energy design approach, designers can
cost-effectively lower building operating costs while improving
workers' comfort and boosting productivity.
The integrated energy design process helps building owners and
designers to economically reduce building operating expenses, while
improving comfort and productivity for the building's occupants.
Some buildings designed following this process consume less than
half the energy of conventionally designed buildings.
As described in this publication, integrated energy design
requires practitioners to follow a six-step process:
- Make a commitment to the integrated design process
- and back up that commitment by giving the project team the time
and resources needed to see the process through.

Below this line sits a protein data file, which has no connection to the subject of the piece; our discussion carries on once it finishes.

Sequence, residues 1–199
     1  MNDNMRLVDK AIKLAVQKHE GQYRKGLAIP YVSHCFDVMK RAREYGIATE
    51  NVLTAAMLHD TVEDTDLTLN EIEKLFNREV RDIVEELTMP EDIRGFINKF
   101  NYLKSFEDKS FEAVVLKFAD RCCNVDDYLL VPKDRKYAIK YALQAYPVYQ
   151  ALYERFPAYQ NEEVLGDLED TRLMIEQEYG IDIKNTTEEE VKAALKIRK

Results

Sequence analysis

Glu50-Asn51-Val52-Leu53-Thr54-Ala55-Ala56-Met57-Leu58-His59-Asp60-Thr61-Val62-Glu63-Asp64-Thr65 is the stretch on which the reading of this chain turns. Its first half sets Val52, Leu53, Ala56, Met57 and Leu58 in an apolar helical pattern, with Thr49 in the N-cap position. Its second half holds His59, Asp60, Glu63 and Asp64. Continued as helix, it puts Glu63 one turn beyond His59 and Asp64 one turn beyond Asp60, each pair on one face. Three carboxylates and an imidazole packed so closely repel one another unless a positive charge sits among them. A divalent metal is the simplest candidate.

- Identify integrated design strategies that will
reduce lifetime costs while also improving occupant comfort.
- Conduct a whole-system analysis that treats the
building as a complete system, taking into account interactions
among all of the building's systems.
- Base design decisions on lifecycle economics,
emphasizing the full lifetime value of proposed building
- Follow through, so that the integrity of planned
improvements is maintained throughout the construction
- Check your work - by verifying that the building
lives up to expectations once the project is completed.